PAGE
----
Building a Marketplace — Supply Exhaustiveness
How to reach exhaustiveness of supply? That is one of the most complicated and at the same time most interesting steps to figure out when building a marketplace. This is the reason why all marketplaces frantically measure their supply coverage levels and try to improve it continuously. For example transportation startup Lyft is known to measure the length of passenger pick up times. The conclusion they have reached is that a seemingly small difference between 4 minute and 12 minute pick up time results in a big impact on business. You might think it would reduce amount of rides taken by maybe three times or so? Well, if a customer gets upset with a long waiting time once or twice she simply switches to a competitor — the actual outcome is really about having a business or not having a business.
Even though there are multiple ways to reach exhaustiveness of supply, these four seem to be the most common ways to do it:
- Choose a very narrow vertical first.
- Hack your way into supply.
- Lock-in suppliers by architecting an easy to use SaaS solution for them.
- Build supply substitute if you can’t get actual supply first.
Choose a very narrow vertical first
Narrow verticals are easier to execute because you need to perfectly satisfy a single need well instead of solving a variety of problems. At the same time it makes it easier for customers to understand what problem you are solving for them. Famous example is Amazon, which started by selling books, instead of trying to become a store of everything at the very beginning of their lifetime. Another good example is TaskRabbit vs. Instacart — Instacart is a subset of what TaskRabbit could do for customers, but since it’s confined to a narrow vertical Instacart can deliver a much better experience when it comes to grocery shopping. It’s also very clear what Instacart does, while TaskRabbit is supposed to do a lot of different things that confuses customers and doesn’t stick in their minds as a solution to a particular problem.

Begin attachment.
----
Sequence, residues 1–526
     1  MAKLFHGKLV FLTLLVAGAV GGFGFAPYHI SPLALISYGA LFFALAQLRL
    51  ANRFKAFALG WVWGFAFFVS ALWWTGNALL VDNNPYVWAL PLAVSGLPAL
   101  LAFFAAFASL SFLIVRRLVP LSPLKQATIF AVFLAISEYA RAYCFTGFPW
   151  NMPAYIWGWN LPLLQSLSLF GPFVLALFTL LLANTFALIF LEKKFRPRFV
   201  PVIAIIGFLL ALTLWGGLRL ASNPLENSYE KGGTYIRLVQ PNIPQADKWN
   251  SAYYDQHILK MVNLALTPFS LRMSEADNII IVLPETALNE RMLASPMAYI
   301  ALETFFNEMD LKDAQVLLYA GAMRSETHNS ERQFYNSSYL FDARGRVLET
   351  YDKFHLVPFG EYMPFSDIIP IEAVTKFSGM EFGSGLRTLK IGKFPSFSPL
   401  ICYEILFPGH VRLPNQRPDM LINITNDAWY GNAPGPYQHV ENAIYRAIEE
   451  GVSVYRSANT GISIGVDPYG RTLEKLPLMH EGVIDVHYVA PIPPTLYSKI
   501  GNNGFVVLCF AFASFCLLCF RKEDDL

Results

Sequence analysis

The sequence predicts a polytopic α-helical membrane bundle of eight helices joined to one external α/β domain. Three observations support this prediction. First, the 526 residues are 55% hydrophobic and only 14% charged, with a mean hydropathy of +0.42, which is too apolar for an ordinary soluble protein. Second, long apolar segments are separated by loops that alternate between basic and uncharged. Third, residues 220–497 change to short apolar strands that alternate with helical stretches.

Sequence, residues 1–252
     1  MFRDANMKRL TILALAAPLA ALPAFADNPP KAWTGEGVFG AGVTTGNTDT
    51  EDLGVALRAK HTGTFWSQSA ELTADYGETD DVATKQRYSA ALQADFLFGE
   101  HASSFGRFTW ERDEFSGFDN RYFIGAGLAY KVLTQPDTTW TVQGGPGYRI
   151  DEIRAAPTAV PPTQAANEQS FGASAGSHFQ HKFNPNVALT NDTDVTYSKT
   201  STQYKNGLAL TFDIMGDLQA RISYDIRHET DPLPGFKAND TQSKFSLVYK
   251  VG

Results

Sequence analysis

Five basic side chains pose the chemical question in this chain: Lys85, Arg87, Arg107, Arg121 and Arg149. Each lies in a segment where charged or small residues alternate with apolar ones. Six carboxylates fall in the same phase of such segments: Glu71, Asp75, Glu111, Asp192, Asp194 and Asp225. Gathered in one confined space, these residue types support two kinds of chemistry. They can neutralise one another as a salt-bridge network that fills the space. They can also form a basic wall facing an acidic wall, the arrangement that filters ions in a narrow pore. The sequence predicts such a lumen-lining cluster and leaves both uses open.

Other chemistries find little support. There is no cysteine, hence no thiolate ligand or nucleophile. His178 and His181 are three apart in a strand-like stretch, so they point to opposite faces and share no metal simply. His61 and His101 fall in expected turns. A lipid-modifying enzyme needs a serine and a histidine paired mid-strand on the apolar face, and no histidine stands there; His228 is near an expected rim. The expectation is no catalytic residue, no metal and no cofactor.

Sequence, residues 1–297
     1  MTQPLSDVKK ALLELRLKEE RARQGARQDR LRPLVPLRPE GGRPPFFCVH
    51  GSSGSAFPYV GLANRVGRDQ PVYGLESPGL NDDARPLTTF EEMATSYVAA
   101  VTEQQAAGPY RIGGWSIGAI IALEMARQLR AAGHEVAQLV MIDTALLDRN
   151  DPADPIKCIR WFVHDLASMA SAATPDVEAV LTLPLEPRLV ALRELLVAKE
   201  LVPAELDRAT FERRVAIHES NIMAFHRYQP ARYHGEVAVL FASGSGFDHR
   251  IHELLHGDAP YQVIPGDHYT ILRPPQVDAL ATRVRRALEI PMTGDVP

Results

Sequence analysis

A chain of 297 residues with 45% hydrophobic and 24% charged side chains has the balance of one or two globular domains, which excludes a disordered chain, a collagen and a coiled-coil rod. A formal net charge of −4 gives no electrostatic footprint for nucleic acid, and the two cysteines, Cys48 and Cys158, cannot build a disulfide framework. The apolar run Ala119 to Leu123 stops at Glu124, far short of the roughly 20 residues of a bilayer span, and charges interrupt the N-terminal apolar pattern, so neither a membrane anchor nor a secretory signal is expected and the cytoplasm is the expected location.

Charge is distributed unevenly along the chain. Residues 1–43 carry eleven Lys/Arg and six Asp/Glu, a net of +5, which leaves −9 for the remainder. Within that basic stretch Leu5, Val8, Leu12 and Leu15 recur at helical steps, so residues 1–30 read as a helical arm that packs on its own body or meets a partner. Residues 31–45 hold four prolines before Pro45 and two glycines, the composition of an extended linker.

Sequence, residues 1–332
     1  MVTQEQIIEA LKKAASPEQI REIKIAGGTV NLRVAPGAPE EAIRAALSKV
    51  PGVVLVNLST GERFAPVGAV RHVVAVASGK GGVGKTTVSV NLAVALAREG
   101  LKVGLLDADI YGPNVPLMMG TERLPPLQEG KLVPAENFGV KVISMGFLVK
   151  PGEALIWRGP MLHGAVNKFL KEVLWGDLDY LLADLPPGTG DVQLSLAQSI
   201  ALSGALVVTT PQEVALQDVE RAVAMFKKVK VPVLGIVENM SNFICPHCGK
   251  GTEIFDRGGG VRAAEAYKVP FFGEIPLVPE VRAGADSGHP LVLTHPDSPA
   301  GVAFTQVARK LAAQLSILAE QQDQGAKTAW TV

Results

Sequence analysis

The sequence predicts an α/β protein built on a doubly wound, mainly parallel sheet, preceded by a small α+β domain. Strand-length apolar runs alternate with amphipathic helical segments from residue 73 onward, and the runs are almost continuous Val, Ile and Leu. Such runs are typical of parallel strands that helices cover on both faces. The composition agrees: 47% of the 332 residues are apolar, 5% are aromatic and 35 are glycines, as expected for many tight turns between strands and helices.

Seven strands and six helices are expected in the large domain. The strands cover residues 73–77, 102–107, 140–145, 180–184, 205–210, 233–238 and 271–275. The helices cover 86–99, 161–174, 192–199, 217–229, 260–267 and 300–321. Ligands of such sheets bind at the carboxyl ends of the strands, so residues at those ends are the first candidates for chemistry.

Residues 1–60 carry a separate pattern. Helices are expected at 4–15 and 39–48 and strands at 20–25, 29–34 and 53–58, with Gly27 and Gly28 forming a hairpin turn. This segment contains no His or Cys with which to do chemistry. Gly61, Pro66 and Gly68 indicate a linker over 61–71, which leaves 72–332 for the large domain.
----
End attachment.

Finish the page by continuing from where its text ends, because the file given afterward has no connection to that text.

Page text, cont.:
Hack your way into supply
Given the typically enormous scale of supply necessary to be exhaustive perhaps there are certain ‘shortcuts’ that could be exploited using a mix of scraping, spamming and tech-driven automation? One of the famous examples is Airbnb and the way they’ve built initial apartment base (supply) by using Craigslist. Usually these are short-lived hacks, but in certain cases they can provide a much-needed boost to supply and help transition a company towards a more sustainable growth model.
Lock-in suppliers by architecting an easy to use SaaS solution for them